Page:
Script for detecting potentially vulnerable Log4j jars [CVE-2021-44228] on Windows Server

Update 2021-12-18 – This looks like a much more competent script for detecting this vulnerability and there is a python version for Linux: https://github.com/CERTCC/CVE-2021-44228_scanner

Updated 2021-12-17 – Script is v1.4 and looks for .war files now too

Original post below

Inspired by the one-liner here: https://gist.github.com/Neo23x0/e4c8b03ff8cdf1fa63b7d15db6e3860b#find-vulnerable-software-windows

gci 'C:\' -rec -force -include *.jar -ea 0 | foreach {select-string "JndiLookup.class" $_} | select -exp Path

I wrote a script to expand on the command, support Windows Server 2008 onward and to be more automated.

This script is basically the one liner with a bit of logic to get all the local fixed disks on a server and iterate through them all looking for Log4j jar file:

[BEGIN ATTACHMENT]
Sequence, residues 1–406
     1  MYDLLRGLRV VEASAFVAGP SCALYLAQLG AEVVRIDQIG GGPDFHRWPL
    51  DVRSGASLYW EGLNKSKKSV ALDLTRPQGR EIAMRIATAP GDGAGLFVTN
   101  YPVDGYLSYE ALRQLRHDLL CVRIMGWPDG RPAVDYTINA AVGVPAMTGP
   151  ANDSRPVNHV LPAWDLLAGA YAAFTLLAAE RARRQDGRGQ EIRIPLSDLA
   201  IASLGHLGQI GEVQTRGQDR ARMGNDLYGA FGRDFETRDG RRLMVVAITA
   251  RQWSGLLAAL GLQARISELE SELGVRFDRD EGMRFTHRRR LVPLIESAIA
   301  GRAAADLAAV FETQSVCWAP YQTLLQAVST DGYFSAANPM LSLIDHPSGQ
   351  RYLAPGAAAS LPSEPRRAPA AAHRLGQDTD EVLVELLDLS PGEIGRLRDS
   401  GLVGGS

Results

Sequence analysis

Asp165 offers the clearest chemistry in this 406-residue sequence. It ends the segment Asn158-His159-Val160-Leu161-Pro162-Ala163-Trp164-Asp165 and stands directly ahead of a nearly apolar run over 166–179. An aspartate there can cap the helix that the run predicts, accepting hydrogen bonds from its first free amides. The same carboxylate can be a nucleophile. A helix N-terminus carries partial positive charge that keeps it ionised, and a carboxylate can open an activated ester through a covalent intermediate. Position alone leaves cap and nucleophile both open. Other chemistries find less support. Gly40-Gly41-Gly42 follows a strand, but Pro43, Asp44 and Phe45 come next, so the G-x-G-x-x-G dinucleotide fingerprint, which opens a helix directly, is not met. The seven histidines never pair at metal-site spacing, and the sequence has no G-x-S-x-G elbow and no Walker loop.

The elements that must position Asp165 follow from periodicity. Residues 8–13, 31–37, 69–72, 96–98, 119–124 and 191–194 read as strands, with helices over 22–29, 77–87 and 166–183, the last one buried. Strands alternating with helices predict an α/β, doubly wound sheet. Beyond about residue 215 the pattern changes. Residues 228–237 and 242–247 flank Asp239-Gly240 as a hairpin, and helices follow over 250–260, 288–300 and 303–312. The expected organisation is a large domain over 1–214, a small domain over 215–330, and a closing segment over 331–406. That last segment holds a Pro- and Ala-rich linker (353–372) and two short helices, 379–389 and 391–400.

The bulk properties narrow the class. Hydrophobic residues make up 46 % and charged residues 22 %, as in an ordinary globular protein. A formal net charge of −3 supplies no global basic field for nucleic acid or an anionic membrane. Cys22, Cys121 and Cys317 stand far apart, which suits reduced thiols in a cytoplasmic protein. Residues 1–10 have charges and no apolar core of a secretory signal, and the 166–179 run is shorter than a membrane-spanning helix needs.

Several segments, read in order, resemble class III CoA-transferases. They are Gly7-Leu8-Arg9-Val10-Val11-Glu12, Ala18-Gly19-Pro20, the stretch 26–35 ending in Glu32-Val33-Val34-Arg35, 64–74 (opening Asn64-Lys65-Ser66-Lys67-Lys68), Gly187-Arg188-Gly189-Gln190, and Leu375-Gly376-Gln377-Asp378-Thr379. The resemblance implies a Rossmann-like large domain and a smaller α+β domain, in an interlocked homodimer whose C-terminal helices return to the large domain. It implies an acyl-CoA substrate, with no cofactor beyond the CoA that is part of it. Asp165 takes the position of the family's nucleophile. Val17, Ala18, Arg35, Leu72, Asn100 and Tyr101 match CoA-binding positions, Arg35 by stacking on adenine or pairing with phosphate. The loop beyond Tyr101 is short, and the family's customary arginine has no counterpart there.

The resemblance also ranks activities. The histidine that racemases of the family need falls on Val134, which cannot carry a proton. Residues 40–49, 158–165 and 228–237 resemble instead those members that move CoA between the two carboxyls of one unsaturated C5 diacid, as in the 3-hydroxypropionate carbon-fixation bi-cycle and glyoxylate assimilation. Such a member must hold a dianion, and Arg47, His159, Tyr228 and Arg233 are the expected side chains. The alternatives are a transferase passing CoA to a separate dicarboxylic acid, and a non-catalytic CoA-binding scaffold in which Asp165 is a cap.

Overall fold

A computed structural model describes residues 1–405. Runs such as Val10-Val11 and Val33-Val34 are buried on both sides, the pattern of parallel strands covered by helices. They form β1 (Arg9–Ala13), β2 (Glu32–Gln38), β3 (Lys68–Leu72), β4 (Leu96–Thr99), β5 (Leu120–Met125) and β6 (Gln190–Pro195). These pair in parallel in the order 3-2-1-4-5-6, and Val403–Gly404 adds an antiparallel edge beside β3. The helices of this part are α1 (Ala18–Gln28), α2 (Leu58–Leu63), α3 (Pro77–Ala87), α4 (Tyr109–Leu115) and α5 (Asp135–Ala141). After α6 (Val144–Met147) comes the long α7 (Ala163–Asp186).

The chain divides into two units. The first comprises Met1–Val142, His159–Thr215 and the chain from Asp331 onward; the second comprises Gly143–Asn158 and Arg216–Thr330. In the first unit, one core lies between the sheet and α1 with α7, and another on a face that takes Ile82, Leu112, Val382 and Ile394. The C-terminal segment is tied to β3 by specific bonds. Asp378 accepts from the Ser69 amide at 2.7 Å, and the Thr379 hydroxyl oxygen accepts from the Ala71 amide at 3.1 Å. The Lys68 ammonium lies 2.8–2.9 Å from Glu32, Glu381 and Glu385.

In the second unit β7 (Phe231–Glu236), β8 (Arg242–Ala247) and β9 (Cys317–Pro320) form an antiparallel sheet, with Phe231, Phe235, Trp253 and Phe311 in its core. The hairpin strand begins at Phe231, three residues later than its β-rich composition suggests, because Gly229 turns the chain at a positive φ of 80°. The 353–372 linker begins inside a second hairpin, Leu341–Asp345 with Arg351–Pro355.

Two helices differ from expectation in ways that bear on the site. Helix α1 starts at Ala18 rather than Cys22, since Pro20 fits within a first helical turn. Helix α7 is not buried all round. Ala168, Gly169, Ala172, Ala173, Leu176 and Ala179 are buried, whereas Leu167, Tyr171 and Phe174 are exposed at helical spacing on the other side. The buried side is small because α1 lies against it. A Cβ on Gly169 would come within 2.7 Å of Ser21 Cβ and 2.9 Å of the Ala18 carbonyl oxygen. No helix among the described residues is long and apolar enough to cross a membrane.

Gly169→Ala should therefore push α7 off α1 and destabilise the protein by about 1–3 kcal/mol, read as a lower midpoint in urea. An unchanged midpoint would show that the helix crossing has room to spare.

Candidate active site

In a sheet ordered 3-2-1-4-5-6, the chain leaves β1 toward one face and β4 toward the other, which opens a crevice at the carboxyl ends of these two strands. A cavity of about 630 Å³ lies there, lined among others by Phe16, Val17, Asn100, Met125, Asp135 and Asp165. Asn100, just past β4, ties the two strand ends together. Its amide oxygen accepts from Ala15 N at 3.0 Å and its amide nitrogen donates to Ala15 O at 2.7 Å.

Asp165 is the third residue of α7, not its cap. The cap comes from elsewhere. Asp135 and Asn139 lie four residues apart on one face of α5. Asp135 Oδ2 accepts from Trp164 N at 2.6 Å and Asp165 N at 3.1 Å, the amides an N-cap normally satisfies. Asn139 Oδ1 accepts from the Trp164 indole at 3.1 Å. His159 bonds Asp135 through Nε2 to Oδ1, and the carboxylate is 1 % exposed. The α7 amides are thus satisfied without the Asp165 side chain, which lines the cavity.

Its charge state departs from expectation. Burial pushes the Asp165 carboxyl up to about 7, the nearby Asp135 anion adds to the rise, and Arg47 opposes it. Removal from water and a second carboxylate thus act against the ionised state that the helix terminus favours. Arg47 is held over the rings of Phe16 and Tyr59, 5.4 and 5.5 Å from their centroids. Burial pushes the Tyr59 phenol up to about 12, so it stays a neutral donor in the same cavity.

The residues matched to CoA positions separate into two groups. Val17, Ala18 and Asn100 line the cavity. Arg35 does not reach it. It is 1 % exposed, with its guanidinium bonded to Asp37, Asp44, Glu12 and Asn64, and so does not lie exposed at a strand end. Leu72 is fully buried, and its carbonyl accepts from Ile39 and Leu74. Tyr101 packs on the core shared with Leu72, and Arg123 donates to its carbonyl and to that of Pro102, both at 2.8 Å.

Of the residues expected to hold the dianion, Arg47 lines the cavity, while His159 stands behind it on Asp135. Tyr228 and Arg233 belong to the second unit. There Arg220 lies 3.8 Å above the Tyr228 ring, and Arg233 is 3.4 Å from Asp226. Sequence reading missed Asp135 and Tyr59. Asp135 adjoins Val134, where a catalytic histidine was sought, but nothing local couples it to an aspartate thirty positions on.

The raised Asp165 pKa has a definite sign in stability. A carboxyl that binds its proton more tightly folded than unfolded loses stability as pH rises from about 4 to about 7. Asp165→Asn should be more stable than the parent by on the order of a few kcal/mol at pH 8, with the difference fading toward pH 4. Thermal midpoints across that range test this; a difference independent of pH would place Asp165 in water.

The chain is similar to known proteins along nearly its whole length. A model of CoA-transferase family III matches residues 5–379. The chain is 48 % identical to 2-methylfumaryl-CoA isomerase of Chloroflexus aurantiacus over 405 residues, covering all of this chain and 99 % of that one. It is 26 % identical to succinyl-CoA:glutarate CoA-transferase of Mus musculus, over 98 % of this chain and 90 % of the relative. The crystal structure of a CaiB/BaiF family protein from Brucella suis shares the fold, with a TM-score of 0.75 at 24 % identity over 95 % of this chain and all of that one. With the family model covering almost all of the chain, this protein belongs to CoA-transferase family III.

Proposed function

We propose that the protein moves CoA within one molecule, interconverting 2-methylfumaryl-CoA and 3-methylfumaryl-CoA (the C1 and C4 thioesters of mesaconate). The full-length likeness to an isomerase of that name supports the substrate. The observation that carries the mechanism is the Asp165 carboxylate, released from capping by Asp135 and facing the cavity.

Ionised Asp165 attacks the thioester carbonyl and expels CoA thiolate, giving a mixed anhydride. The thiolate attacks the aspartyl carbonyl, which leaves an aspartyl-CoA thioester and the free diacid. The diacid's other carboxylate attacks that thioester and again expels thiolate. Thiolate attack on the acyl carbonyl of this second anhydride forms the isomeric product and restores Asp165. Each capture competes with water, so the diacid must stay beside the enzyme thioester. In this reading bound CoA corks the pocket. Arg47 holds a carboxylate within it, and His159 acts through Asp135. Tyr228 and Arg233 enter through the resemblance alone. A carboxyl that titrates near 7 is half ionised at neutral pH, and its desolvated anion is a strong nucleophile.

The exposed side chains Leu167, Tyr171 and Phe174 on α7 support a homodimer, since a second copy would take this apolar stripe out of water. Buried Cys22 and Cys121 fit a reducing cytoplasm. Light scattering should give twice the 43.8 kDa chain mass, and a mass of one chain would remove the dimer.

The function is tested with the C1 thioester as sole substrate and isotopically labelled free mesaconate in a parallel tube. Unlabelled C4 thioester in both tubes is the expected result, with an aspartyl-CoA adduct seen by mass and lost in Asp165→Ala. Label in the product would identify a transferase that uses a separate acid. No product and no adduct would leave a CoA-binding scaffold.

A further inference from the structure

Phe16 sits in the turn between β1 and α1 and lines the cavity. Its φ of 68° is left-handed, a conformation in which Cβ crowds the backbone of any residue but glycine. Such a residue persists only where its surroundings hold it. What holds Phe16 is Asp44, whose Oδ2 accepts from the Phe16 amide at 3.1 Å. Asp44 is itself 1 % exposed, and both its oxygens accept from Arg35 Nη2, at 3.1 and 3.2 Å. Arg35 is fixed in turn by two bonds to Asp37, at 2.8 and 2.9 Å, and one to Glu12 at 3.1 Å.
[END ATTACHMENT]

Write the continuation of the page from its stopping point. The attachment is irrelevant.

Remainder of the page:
<# 
.Synopsis 
    Checks the local system for Log4Shell Vulnerability [CVE-2021-44228]
.DESCRIPTION 
    Gets a list of all volumes on the server, loops through searching each disk for Log4j stuff
    Using base search from https://gist.github.com/Neo23x0/e4c8b03ff8cdf1fa63b7d15db6e3860b#find-vulnerable-software-windows

    Version History
        1.0 - Initial release
        1.1 - Changed ErrorAction to "Continue" instead of stopping the script
        1.2 - Went back to SilentlyContinue, so much noise
        1.3 - Borrowed some improvements from @cedric2bx (https://gist.github.com/Neo23x0/e4c8b03ff8cdf1fa63b7d15db6e3860b#gistcomment-3995092)
                Replace attribute -Include by -Filter (prevent unauthorized access exception stopping scan)
                Remove duplicate path with Get-Unique cmdlet
        1.4 - Added .war support thanks to @djblazkowicz (https://gist.github.com/Neo23x0/e4c8b03ff8cdf1fa63b7d15db6e3860b#gistcomment-3998189)
.EXAMPLE 
    .\check_CVE-2021-44228.ps1
.NOTES 
    Created by Eric Schewe 2021-12-13
    Modified by Cedric BARBOTIN 2021-12-14
#> 

# Get Windows Version string
$windowsVersion = (Get-WmiObject -class Win32_OperatingSystem).Caption

# Server 2008 (R2)
if ($windowsVersion -like "*2008*") {

    $disks = [System.IO.DriveInfo]::getdrives() | Where-Object {$_.DriveType -eq "Fixed"}

}
# Everything else
else {